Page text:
Nicaragua argues that “Costa Rica’s unilateral actions . . . threaten to destroy the San Juan de Nicaragua River and its fragile ecosystem, including the adjacent biosphere reserves and internationally protected wetlands that depend upon the clean and uninterrupted flow of the river for their survival.” Among the damages listed by Nicaragua is the dumping of sediments in the river such as soil, uprooted vegetation and felled trees, which the Government says are a danger to water quality, aquatic life – including several endangered species – and to rare flora and fauna on both sides of the river bank. Nicaragua also states that the sediments will degrade the soil already devastated by deforestation due to agricultural and industrial developments in Costa Rica’s territory, adding that the impact if these is already being felt.
The Nicaraguan Government is requesting the court to declare that Costa Rica has breached its territorial integrity, as well as its obligation under international law and several environmental conventions to protect the environment and biodiversity in the region. It is also requesting that the court declare that Costa Rica must restore and pay for all the damages and not undertake any further developments in the area without a cross-border environmental impact assessment, which is presented to Nicaragua for analysis and reaction.
Nicaragua stated in its proceedings that Costa Rica has repeatedly refused to give it appropriate information on the construction work it is undertaking and has denied any obligation to prepare and provide it with an assessment of the environmental impact in the area, which would allow for an evaluation of the work. Nicaragua stressed that producing an assessment and presenting it to both governments is of utmost importance and added that it reserves the right to request provisional measures.
The two countries have had disputes over their borders before. In July 2009, the ICJ issued a ruling over what navigational and related rights Costa Rica has in the section of the San Juan River close to its mouth at the Caribbean Sea.
(Adapted from a UN Press Release)
Thursday, December 22, 2011
From being increasing vocal on human rights to taking important decisions to tackle non-communicable diseases, the General Assembly has made great strides during its current session, its President said today, adding that efforts will continue on a range of vital issues next year. “This has been an eventful and demanding year for the United Nations, with several significant developments since I assumed the Presidency of the General Assembly,” Nassir Abdulaziz Al-Nasser told a year-end press conference at UN Headquarters. “In fact, the last three months have been among the most exciting of my two-decade experience of diplomatic service here at the United Nations,” he said, adding that the 66th session that began in September has achieved some “great strides” with certain key issues.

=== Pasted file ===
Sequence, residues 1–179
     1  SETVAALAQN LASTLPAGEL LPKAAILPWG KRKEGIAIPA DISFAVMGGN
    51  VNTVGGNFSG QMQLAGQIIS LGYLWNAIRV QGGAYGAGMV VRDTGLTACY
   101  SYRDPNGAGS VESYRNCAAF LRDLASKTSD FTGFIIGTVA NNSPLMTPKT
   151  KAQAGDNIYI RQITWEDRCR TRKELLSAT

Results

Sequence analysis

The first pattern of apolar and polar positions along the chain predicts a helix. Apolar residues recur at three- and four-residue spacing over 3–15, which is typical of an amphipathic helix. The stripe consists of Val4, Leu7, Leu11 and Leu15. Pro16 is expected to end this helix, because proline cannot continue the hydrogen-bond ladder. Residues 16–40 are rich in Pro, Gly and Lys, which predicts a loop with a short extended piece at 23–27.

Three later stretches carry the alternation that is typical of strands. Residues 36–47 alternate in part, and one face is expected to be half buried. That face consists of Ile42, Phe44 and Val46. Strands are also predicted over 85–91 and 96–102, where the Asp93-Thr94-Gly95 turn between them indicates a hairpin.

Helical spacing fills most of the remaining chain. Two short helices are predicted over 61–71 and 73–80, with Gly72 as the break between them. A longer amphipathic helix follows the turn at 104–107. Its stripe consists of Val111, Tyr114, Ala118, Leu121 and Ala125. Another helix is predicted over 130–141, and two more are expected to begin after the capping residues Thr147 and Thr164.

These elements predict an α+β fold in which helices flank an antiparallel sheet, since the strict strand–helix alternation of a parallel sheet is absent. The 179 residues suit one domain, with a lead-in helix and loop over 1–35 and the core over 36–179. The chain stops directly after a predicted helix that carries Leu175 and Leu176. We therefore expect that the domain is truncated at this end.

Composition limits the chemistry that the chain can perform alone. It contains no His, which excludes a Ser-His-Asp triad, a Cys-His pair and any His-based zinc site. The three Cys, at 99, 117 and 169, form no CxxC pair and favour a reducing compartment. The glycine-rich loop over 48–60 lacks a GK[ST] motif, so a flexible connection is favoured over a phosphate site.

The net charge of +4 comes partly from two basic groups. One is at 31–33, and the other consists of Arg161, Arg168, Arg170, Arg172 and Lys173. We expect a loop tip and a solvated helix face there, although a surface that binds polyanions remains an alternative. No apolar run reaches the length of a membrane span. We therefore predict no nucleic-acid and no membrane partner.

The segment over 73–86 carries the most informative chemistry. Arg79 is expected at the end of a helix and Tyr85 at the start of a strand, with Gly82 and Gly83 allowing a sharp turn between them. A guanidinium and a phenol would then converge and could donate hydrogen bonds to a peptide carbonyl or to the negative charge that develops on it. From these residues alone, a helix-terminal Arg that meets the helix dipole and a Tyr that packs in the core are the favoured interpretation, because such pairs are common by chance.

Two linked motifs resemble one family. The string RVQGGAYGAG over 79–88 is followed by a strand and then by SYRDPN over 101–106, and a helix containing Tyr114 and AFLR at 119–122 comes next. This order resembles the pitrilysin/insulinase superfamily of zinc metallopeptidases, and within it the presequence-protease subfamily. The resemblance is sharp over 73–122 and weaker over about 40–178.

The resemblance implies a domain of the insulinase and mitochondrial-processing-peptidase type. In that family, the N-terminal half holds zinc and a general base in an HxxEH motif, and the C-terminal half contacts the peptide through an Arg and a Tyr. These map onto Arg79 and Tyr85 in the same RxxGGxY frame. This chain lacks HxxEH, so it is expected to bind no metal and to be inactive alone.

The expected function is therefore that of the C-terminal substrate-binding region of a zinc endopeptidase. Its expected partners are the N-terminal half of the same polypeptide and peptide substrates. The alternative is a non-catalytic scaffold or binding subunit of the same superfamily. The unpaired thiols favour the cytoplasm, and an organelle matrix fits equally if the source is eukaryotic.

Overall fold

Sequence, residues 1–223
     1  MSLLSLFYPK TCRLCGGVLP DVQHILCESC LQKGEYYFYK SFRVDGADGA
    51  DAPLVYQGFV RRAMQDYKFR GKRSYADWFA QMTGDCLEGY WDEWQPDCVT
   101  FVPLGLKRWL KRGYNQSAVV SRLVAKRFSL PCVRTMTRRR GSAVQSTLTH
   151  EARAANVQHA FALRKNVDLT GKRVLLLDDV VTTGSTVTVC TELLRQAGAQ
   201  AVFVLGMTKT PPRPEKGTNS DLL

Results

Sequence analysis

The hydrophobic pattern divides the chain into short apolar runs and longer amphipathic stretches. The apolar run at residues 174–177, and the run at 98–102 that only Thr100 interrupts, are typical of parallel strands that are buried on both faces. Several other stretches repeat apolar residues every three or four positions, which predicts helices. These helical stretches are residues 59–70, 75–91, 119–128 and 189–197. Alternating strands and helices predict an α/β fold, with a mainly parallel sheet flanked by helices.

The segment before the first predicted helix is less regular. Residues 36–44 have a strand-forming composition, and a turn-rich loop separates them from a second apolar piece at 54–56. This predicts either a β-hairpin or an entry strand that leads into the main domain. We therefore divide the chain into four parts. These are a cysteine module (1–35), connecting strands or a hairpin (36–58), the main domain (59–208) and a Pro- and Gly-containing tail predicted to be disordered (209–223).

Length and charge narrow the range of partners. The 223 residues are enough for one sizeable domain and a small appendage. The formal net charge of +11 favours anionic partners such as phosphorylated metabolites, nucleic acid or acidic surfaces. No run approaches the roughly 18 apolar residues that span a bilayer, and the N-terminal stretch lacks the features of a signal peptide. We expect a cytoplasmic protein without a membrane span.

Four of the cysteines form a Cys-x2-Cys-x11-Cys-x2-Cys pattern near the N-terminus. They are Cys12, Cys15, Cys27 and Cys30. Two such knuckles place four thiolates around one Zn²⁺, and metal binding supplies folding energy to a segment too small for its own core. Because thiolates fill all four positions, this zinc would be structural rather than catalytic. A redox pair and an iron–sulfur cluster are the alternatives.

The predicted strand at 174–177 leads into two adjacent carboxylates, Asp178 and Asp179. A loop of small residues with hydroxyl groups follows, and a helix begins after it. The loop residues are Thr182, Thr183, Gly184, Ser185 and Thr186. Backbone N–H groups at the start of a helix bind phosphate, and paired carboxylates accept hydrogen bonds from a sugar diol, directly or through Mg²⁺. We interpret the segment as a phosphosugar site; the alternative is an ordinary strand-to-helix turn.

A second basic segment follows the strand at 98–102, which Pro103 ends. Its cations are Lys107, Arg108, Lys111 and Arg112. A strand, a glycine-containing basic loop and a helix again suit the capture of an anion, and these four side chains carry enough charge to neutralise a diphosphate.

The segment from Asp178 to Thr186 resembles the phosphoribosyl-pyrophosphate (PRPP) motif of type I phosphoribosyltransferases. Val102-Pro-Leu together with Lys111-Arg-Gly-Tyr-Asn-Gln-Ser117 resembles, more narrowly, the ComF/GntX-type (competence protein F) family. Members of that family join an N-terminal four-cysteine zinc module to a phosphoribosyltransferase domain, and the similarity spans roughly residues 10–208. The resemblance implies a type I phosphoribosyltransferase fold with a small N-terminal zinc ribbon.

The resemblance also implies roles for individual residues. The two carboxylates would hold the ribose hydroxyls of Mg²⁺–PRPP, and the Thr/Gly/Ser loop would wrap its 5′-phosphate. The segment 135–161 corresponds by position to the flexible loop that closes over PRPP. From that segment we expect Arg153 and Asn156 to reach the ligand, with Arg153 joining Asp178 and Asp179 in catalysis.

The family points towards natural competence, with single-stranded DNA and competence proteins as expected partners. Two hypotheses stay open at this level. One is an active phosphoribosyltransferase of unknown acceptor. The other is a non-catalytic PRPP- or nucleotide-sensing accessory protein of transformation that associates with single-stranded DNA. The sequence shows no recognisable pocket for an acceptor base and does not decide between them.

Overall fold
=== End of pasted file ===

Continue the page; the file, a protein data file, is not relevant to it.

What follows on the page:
He pointed to the uprisings and popular protest movements that engulfed North Africa and the Middle East this year and led to the toppling of long-term regimes in Egypt, Libya, Tunisia and Yemen, which he referred to as the Arab Awakening. “These popular protests have generated a lot of concern for the needs and demands of people in the affected countries, especially in the areas of human rights and the rights of women and the youth. “The General Assembly is increasingly getting vocal on human rights issues,” he added. “There is growing consensus among Member States for the protection and promotion of human rights across the world, especially in the countries experiencing the Arab Awakening.”
Mr. Al-Nasser said that under his presidency, the Assembly remains active in galvanizing the necessary global partnership to assist the governments and people undergoing the Arab Awakening. The President also highlighted his close collaboration and joint initiatives with Secretary-General Ban Ki-moon, with whom he embarked on two significant joint visits, to Libya in November and Somalia in December. “We are demonstrating the UN working as one to achieve the best results for the benefit of groups and people in need around the world,” he stated.
Outlining some of the highlights of the Assembly session so far, Mr. Al-Nasser cited the political declaration adopted on the prevention and control of non-communicable diseases, which are now the biggest cause of death worldwide. “Millions of people in developing countries are increasingly becoming victims of this crisis,” he noted. “And this major declaration by Member States should help to deal with this issue fully and quickly.” The Assembly has also spoken with one voice against racism, racial discrimination, xenophobia and related intolerance, he said.
“Despite great gains made in the fight against racism too many people still suffer from racist attitudes and deep discrimination. We must do more to promote and ensure equality and non-discrimination across the world and for global prosperity and harmony.” In addition, Member States worked to restore the legitimate representation of the Libyan people at the UN, and witnessed an historic development at the UN with the application for UN membership by the Palestinian President, Mahmoud Abbas.
Looking ahead, he said efforts will continue on the four main areas of focus for the 66th session of the Assembly: the peaceful settlement of disputes; UN reform; improving disaster prevention and response; and sustainable development and global prosperity. The revitalization of the disarmament machinery is also a priority, he added.